Sign in at 745, meeting at 815am, roll to hill #1 at 830. Please be on time!
Day-of announcements: @BikeSwarm Yes– rain or shine, any bike, water, snacks, tube, tools, stokedness, riding for points, riding to finish, waiting at top of each hill No– bad attitudes, cars, jock mentality, entry fee, prizes
See other FAQ on this earlier post, propaganda here, entire event history here and send any questions to BikeSwarm [at] gmail
I may need some more day-of volunteers, please come speak with me in the morning if you’d like to help out. Thank you!
My good friend Lisa, whom I have mentioned regarding her Tract House project and Bike Night at the Hammer (2009, 2010, 2011) lives in a warehouse in downtown LA with a few other artists. I was heading over there the other day because Morgan and Mike Szerszunowicz‘s band was playing and Lisa asked if I wanted to come by earlier for dinner. Of course! She was making pasta with beans and kale, but I didn’t recognize the bean and when I asked she showed me this bag:
Now Morgan is no slouch in the kitchen either- like when he made curry after our mountain run– and even though his band was playing, he took the time to make relevant pesto. Yes, relevant pestos! Their band is Yersinia Pestis, named after the bacterium that caused the major plagues in early European times. So why not spicy pesto to accompany black metal?
I asked him about the recipe and sure enough the base is the Classic Pesto from Vegan with a Vengeance which we made regularly when we lived together. It’s super good! Here is a video of it being prepared (with recipe) and it is also very close to this Post Punk Kitchen version. Like Isa says, pesto is delicious, versatile, easy to prepare and a crowd-pleaser. I highly recommend making this recipe. Level of death spice up to you!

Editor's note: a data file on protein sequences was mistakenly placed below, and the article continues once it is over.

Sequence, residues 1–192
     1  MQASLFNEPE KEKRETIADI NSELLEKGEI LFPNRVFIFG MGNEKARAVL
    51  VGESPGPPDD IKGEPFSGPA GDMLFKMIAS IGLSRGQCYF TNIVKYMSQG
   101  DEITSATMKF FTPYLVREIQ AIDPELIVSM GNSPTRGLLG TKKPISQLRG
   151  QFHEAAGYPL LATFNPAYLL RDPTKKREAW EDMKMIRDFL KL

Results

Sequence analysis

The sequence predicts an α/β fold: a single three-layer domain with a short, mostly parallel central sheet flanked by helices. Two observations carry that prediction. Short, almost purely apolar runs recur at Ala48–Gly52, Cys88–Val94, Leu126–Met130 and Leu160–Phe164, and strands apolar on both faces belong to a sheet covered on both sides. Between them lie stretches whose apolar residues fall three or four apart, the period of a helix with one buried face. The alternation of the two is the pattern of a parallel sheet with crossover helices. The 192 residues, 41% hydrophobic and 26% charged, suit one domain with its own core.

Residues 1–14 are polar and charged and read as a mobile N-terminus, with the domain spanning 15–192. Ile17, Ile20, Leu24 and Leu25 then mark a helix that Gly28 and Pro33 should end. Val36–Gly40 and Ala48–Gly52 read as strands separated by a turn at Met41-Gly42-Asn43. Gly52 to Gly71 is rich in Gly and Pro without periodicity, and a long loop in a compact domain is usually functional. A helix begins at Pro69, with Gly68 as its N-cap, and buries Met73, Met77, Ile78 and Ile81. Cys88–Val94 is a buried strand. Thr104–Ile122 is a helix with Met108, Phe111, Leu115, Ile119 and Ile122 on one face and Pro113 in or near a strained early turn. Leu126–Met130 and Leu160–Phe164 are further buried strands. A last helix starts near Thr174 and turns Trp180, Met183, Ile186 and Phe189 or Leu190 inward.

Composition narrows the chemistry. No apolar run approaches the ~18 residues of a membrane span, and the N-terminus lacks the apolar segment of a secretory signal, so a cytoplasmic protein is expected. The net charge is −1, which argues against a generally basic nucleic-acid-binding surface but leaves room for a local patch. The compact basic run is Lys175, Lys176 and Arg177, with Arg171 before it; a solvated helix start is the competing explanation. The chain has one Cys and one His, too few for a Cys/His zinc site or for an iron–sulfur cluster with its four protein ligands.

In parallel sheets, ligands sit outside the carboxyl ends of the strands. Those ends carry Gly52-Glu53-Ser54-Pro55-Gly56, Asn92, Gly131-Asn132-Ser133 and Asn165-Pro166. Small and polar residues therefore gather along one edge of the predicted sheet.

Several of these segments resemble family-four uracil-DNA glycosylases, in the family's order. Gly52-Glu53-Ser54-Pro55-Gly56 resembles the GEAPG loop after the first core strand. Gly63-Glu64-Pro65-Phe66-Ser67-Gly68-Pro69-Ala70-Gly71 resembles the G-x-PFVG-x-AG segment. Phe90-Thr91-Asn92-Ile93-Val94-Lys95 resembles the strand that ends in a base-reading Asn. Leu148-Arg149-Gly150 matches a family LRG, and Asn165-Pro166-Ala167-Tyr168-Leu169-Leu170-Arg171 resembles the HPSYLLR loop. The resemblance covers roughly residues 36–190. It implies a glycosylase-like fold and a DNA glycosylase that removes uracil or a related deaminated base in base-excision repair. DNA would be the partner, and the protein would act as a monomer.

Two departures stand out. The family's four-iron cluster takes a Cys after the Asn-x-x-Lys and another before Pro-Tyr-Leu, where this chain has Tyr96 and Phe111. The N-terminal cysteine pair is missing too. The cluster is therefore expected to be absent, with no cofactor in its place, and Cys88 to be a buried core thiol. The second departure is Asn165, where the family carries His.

This post took a turn toward the macabre with all this talk of plague and bacteria, but don’t let that keep you from making great pesto or integrating fun food into your life!
Photo from my bike club’s tumblr of an early round of pizza making
Oh, pizza how I love you. I won’t pretend that pizza is a health food, but I do know that it has been an integral, yummy part of my diet since I was old enough to think about food. In my Italian-American household growing up pizza was a ritual. My father painstakingly searched out all the local pizzerias to find one that made pizza closest to what he grew up with in Brooklyn. He practically interviewed the owner and the pizza maker (often the same person). I remember this place opened by a family who had moved from Brooklyn gave my father a special gold discount card because they loved how much he loved pizza!
But then pizza became an issue when I first went vegetarian at age 13. I would pick the pepperoni off my slices and my father would yell at me that I was wasting money and we couldn’t afford to not eat toppings. When I went vegan a few years later my generally supportive mother was concerned that I was depriving myself unnecessarily by excluding cheese. “But, why cheese too? What will you eat, how will you survive?”
For years I ate cheeseless pizzas or made my own with pre-made dough and was generally happy with them. When vegan cheeses improved in the early aughts, I still wasn’t that impressed. I’d much rather have a tasty cheeseless pizza than have a mediocre cheese on there. But, and I hate to admit this, when Daiya came out it really was a game changer. All this time and I had never made my own dough. The rising and the kneading, it always seemed more science than art, and that’s not my cooking style. But then one day I wanted to make pizza with a friend and there were no pre-made doughs at any walkable stores. We had to resort to buying pre-made crust. It was expensive and incredibly meh. That did it!